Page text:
Man On the Moon? New Study Suggests the Moon May Have Supported Alien Life

Tuesday, 24 July 2018 - 2:19PM
Astronomy
Tuesday, 24 July 2018 - 2:19PM
Man On the Moon? New Study Suggests the Moon May Have Supported Alien Life
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Image Credit: Pixabay
As a child, you probably heard stories and nursery rhymes about the man in the moon and were disappointed when you learned that no such man exists. Depending on who you ask, there are no living creatures (or Transformers) currently hanging out in the craters on the dark side. According to a new study, however, earlier conditions on the moon may have supported life at least twice in the past 4 billion years.



Published in the journal Astrobiology and co-authored by Washington State University astrobiologist Dirk Schulze-Makuch and University of London professor Ian A. Crawford, the study argues that life could have survived on the moon 4 billion years ago (half a billion years after it is believed to have formed) when it was releasing large quantities of vapor and gases, and again 3.5 billion years ago at the peak of its volcanic activity. The pools of water could have been thriving with microbes that can't live there now that the surface is undeniably dry. "If liquid water and a significant atmosphere were present on the early Moon for millions of years, it can be assumed that the lunar surface was at least transiently habitable and probably also had an inventory of the building blocks required for life," wrote Schule-Makuch and Crawford. There are some theories that say that water ice still lurks beneath the dry surface of the moon, but with no atmosphere to speak of and other changes that occurred over millennia, attempts to find life on the surface have so far been unsuccessful.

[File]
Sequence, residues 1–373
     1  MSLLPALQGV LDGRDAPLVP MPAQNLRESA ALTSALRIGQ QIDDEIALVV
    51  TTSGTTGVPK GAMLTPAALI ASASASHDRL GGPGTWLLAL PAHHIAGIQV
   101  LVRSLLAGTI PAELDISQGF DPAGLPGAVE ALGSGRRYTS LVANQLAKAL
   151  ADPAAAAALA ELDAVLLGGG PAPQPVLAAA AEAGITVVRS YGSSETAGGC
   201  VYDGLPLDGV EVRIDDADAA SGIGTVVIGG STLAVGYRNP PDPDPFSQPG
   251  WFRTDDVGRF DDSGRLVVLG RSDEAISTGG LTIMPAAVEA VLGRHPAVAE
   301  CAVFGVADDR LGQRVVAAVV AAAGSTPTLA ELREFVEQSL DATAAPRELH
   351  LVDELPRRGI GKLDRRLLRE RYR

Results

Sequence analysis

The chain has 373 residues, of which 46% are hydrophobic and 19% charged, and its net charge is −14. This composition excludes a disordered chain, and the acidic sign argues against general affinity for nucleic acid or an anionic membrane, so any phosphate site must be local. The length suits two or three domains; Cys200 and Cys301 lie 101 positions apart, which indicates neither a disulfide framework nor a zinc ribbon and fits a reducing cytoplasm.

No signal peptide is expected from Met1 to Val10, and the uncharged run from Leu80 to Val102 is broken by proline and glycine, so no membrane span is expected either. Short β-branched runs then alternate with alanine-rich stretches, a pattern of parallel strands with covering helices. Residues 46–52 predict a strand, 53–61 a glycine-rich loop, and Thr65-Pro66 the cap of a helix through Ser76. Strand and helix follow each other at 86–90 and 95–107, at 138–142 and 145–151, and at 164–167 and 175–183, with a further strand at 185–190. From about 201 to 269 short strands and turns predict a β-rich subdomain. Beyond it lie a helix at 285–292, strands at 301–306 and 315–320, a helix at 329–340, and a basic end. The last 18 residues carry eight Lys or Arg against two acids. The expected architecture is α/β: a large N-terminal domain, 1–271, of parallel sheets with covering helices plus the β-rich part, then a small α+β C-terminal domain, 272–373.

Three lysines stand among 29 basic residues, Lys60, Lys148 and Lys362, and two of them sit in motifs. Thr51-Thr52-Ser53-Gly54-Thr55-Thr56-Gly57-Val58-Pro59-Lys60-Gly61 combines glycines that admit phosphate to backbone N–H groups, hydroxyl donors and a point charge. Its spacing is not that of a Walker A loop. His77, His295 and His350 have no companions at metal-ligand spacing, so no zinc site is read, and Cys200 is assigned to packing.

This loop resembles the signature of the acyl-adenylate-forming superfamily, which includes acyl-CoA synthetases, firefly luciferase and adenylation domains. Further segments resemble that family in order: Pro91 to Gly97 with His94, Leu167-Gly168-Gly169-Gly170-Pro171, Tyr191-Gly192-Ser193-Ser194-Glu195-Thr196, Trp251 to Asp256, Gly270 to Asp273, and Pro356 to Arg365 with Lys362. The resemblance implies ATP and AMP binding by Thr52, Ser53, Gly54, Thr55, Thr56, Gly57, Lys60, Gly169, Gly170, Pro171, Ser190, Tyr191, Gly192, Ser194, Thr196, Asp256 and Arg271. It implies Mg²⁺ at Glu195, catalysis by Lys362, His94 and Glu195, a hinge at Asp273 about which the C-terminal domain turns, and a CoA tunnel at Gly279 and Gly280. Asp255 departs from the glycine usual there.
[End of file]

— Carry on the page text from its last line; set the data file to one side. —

So how would life have gotten to the moon in the first place? The authors of the study offer that meteorites could have hit Earth and bounced off with a trajectory that landed them on the moon. Microbes could have hitched rides on the space rocks and remained alive in the water pools. Or they could have somehow originated on the moon itself. "Whether life ever arose on the Moon, or was transported to it from elsewhere, is of course highly speculative and can only be addressed by an aggressive future program of lunar exploration," the researchers said in their article.
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